if he thinks not, then let him deny them
and the issuo will he fairly before the public
and he or I will soon be truly branded with
tho epithet of "krtave or fool" for if
have made theso charges without being able'
to sustain them, I shall certainly deserve
the title, but on the contrary, should I es
tablish their trulh, ho must submit to ba
branded wiih the character of a 'political
"knave," at Icasl, if not of "fool."
Perhaps it may be said that I use strong
language toward Senator Headley. Be it
so. I am only handing bark, however, with
a rough is true, some of the essence
of tho above.'quoted article from the Sentinel,
and ir the medicine administered, should stir
up ihe bile on the stomachs of those whoso
happiness consists in "ignorance being
bliss," it will teach them "'tis folly to bo
wise" lo that extent as to induro them to1
believe that all men are "knaves and fools"
but themselves. Voter.
"A man avowing his determination to'
agitate the removal question never can bo'
elected in Columbia county" exclaimed an
agent of the "Danvillo junto" while oppos
ing the removal during tho late session of
tho Legislature. Can this bo true, when
tho names of two thirds of all ihe taxable
inhabitants of ihe county can be obtained to
petitions for a removal! Can it be possible
ihat ihe Danville junto can dupe and deceive
the friends of the removal, and prevent
them from uniting on a candidate who will
carry out their favorite measure? We can
not nor will not believe it untiLwo see ihe
question (airly tried In tho county. That
the Danville junto will mnkp it a question
this fall, there cannot be any doubt, in fact
they havo already declared their determina
tion to elect a man opposod to a removal
and in favor of a division, nml it l,nimn,...
the friends or removal also to take a stand
and go to work with a united force, and
show '.hem that tiny will not be cajoled and
duped into the support of any man who will
advocate a division, or oppose the remo
val. Tremendous Jliot Conflagration and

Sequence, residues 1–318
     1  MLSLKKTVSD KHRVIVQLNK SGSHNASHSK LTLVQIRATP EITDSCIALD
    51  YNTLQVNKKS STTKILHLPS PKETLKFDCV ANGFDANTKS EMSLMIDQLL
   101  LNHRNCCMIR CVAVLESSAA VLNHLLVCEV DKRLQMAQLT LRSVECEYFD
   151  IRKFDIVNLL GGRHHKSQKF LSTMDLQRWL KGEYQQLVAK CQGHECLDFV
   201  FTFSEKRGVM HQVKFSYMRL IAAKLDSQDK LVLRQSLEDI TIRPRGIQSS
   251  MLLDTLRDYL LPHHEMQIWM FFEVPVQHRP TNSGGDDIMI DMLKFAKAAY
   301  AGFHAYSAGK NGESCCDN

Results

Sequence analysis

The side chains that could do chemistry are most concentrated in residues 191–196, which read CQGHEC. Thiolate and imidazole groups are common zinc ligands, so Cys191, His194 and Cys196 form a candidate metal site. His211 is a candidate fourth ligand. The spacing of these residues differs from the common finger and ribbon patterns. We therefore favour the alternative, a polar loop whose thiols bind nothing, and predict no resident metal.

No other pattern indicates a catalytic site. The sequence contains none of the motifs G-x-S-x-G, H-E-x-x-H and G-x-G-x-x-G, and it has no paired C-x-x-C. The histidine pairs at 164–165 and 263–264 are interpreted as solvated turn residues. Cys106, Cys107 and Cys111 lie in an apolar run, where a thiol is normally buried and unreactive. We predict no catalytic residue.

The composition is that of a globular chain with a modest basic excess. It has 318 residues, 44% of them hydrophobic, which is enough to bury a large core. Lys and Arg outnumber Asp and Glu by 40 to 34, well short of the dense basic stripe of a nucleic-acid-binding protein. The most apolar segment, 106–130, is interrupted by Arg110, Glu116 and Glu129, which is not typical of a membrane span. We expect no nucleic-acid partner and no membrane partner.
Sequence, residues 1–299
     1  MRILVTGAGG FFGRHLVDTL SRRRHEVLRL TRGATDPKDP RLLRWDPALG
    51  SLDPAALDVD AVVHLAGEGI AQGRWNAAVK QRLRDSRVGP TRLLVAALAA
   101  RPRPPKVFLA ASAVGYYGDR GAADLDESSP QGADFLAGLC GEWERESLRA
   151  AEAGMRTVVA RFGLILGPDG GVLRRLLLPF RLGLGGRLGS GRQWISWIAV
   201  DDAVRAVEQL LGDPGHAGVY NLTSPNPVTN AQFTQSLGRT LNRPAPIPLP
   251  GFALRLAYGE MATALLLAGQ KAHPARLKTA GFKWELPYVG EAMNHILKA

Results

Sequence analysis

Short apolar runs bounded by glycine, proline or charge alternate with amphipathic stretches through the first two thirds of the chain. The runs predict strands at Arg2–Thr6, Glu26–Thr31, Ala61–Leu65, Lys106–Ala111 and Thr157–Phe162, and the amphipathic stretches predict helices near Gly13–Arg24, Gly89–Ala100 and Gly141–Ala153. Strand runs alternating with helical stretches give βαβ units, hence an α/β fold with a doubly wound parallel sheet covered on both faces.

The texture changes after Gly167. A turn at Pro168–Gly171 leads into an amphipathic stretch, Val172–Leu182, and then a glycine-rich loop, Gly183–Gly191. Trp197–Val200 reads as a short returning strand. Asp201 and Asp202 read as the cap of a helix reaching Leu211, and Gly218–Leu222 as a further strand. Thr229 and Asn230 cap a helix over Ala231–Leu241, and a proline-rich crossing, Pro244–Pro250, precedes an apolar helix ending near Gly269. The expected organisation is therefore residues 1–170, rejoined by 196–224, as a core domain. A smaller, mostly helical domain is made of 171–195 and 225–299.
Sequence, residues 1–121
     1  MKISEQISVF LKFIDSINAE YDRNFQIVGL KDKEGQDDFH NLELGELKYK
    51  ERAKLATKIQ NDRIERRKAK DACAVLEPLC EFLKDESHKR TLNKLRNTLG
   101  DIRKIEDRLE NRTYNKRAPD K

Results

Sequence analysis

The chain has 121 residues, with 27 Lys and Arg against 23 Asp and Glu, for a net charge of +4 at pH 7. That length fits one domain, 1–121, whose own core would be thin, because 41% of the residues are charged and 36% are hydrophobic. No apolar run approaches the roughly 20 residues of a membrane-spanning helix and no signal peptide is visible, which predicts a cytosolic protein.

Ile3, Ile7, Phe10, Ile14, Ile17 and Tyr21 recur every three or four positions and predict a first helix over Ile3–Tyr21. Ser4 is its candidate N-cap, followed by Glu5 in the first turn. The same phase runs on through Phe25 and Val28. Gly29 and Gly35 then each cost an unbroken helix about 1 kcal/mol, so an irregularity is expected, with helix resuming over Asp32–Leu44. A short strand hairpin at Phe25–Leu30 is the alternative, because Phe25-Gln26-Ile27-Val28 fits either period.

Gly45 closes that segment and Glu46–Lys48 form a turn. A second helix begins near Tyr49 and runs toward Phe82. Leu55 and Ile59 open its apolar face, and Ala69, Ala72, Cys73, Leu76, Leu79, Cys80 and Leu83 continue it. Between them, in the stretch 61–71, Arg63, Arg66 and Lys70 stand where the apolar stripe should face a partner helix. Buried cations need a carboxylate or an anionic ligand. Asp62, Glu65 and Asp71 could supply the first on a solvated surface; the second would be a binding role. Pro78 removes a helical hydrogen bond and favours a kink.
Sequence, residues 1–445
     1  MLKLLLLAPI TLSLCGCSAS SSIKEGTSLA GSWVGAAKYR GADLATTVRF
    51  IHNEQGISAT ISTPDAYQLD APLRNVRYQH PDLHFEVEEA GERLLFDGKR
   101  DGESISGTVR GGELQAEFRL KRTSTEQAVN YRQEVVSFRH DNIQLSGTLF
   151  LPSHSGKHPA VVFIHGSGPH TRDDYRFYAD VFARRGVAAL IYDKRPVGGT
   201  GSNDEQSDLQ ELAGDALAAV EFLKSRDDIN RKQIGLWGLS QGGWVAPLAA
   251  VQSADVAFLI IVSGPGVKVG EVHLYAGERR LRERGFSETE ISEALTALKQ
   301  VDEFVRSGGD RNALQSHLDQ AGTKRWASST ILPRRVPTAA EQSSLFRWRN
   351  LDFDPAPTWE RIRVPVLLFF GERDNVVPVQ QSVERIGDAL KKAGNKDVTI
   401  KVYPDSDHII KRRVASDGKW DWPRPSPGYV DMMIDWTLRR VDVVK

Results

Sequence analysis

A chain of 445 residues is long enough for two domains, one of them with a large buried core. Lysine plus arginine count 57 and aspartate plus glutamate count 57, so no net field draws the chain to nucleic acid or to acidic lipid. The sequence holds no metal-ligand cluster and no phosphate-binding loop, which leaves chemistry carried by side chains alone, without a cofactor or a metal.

lost of Life in Philadelnhiu. On Monday
last, the eity of Philadelphia was a scene of
almost uncxampl. d excitement and Riot.
It was the day appointed for a grand tem
perance negro procession and festival. Tho
procession was formed al the Hall in Bod
ford street, about 8 o'clock in tho morning.a
very great crowd having previously gather
ed, composed of boys, men and woman,
both whites and look on the pro
cession. The boys began to shout after
ihe procession, which soon became restless
and a fight ensued. Brick bats and other
missiles flew in every direction. n,nUn
heads and bloody noses soon became abun
dant. Tho procession, after a lurd fought
contest, gave way and lied in every direo
tion. The fight.however continued through
out the day in various parts of tho city.
Tho piiluary were called out, and several
arrests were made. Several men, both
black and while were severely injured, and
some lives lost. At half past r-ino in the
evening the new Smith's Building being
erected for a public. Hall, hy tho rich negro
lumberman, Stephen Smith, was discovered
to bo on fire. It was soon burnt to tho
ground. At hair past ten; tho bells again
rang Tot firo, Ii proved to ba iho colored
Presbyterian Church, in St. Mary street,
which was likewise destroyed. Both of
which wero set or, fire by the mob. By this
lime the negroes had entirely disappeared,
not one being to be seen in the streets, and
the city became entirely quiet by midnight.
The riot was again commenced on Tues
day morning, by seveial Irishmen in tho
vicinity of Walnut street wharf, nn ilia
Schuylkill, rushing on a couple of blacks
who accidentally made their
This was a signal for a ceneral munrnn.
and the mob paraded iho streets, chasing
u.m ucawng cvety iiejro who camo in their
way. I lie military were again tailed out,